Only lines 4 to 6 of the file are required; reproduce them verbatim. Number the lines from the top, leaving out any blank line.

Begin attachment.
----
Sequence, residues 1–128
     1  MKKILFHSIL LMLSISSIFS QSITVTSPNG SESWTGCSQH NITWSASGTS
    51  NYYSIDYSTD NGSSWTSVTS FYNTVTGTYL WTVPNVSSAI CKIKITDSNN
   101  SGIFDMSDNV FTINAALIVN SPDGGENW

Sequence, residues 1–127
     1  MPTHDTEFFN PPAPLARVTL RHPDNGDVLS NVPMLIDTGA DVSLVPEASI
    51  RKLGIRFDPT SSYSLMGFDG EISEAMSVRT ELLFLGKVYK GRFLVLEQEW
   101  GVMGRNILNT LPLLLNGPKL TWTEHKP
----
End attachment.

   101  SGIFDMSDNV FTINAALIVN SPDGGENW

Sequence, residues 1–127
     1  MPTHDTEFFN PPAPLARVTL RHPDNGDVLS NVPMLIDTGA DVSLVPEASI